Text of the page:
Financial Secretary: What did I say two weeks ago? CEPA is an open and continuous process but it is also an open platform for businesses to capture the opportunities that are opening up to them. I call it an opportunity of a lifetime. When Premier Wen was in Hong Kong on June 29th for witnessing the signing of CEPA, he said it very, very well, and he said: CEPA is not Central People's Government's gift to Hong Kong. The Central People's Government's gift to Hong Kong was the 'One Country, Two Systems'. CEPA is a bilateral open channel to improve and to facilitate trade and investment between the Mainland and Hong Kong. And he went on to talk for ten minutes on why it is mutually beneficial.

The Government, after having signed CEPA, and operationalised it by the six annexes, we have been very diligently and trying very hard to ensure that the facilitation role that we will be doing in the future, we do it well. So we have set up a one-stop hotline to answer CEPA enquiries to ensure people will understand it, and we have received well over 1,000 of enquiries. But we are not the most popular stop, I found out. The most popular website that people go to for enquiries on CEPA is the TDC website. It is, perhaps, because TDC is a quasi government organisation, so they write it in a more user-friendly form. And government being government will write everything exactly as it is without embellishing or without any of the enhancements that TDC could provide. But we have received a lot of interest, a lot of enquiries on it.

As far as government is concerned, our policy has always been: we very much believe in market driven economies. If the marketers can do it properly themselves, leave it to the market, we will not intervene in it. Our job is to open up markets, lay down the platform; but it is up to the businesses themselves to capture those opportunities. Was that what I said two weeks ago?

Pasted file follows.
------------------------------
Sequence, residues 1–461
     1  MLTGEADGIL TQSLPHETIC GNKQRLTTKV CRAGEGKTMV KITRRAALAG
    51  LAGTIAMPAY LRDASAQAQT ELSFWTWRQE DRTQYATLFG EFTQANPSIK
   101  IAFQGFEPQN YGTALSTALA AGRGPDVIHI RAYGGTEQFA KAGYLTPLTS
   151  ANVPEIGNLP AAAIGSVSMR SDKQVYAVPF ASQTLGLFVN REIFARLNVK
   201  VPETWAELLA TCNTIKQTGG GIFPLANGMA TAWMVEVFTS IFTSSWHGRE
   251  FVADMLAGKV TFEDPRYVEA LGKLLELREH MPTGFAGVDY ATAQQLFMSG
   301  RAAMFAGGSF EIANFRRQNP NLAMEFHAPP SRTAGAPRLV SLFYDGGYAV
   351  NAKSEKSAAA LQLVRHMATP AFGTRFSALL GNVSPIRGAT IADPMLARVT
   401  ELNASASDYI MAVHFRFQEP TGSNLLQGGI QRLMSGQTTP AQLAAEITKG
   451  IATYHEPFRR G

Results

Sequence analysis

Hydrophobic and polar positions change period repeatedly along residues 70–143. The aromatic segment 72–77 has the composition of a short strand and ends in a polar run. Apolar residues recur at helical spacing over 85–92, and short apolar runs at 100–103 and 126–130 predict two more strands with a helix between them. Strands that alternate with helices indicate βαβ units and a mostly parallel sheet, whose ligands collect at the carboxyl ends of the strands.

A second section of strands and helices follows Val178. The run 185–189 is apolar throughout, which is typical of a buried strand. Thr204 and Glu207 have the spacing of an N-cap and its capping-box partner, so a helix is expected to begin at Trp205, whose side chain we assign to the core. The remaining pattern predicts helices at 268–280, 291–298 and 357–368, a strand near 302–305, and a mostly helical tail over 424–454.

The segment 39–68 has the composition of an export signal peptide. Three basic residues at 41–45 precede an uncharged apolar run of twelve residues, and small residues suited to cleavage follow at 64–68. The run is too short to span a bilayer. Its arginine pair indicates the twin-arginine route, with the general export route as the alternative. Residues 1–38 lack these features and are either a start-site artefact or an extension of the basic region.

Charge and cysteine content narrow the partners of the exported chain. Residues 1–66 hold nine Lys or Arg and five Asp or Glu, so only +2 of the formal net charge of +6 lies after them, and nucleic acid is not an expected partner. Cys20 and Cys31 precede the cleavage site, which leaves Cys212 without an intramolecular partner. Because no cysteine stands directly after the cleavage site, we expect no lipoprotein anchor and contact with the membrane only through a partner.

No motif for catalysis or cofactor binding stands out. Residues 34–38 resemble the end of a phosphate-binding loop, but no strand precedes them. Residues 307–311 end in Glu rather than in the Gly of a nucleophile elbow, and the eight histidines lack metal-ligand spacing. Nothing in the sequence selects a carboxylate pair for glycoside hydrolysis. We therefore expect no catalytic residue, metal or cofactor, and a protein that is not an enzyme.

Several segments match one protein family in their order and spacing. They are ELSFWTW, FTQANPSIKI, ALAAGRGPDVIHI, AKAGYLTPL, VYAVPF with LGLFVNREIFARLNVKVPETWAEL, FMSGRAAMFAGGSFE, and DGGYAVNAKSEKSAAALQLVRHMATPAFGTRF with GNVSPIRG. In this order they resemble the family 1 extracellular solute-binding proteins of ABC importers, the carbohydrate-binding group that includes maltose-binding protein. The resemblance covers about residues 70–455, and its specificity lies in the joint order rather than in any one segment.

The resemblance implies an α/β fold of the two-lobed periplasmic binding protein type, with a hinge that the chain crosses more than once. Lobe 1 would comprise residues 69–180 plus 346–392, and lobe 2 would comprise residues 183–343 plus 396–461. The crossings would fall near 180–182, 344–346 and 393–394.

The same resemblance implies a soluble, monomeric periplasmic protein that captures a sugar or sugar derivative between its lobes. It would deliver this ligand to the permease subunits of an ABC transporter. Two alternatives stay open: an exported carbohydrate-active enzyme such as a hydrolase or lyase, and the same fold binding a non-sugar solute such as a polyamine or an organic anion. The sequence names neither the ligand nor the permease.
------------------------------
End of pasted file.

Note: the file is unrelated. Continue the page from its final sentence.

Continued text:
Question: Mr Financial Secretary, I need advice on this: Do you think the Renminbi will go up or down - or remain the same?

Financial Secretary: It will be stable. I cannot emphasise enough the importance of having a stable currency to enhance and promote trade, business and the stability of the whole country. So my outlook: stable.

Question: Financial Secretary, do you feel there is any contradiction between your stated enthusiasm for the 'no-brainer bridge" as I believe Mr Dodwell calls it, and the fact that you wish to see the full asset value of the airport returned in cash to the government through privatisation? I obviously refer to the fact that they both provide an economic stimulus to the community.

Financial Secretary: There is a company which probably most people don't know; it is called FSI - Financial Secretary Incorporated. It is a holding company that holds all government assets, whether it is the Airport Authority, the two rails. I believe it needs my signature before anything goes on there. One of the key principles of FSI is that the assets that we hold must operate on prudent commercial principles, and prudent commercial principles should mean that this company is operated in such a way that they could become, one day, listed on the Hong Kong Stock Exchange, as MTRC has done. So, therefore, it is our policy that this principle should be abided by. And also, I am not ruling out the possibility that the Hong Kong-Zhuhai-Macao Bridge could become either a private party participation kind of scheme or whether any other variation thereof.

End/Friday, October 17, 2003